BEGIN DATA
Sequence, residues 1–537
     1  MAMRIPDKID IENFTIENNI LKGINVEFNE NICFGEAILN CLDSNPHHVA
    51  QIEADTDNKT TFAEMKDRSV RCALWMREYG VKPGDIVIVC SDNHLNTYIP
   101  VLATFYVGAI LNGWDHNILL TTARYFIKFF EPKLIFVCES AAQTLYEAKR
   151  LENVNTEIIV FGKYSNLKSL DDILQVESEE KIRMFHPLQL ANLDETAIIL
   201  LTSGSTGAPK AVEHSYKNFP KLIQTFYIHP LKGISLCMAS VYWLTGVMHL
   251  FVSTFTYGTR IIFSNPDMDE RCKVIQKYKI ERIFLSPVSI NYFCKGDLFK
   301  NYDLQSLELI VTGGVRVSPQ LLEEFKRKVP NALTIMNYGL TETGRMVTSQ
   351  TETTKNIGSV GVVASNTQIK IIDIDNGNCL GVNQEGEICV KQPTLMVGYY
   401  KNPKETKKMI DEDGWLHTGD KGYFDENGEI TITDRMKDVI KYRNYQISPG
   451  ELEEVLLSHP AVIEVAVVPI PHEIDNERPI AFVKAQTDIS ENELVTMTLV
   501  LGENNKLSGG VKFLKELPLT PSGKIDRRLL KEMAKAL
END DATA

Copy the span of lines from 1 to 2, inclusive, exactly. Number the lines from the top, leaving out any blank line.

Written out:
Sequence, residues 1–537
     1  MAMRIPDKID IENFTIENNI LKGINVEFNE NICFGEAILN CLDSNPHHVA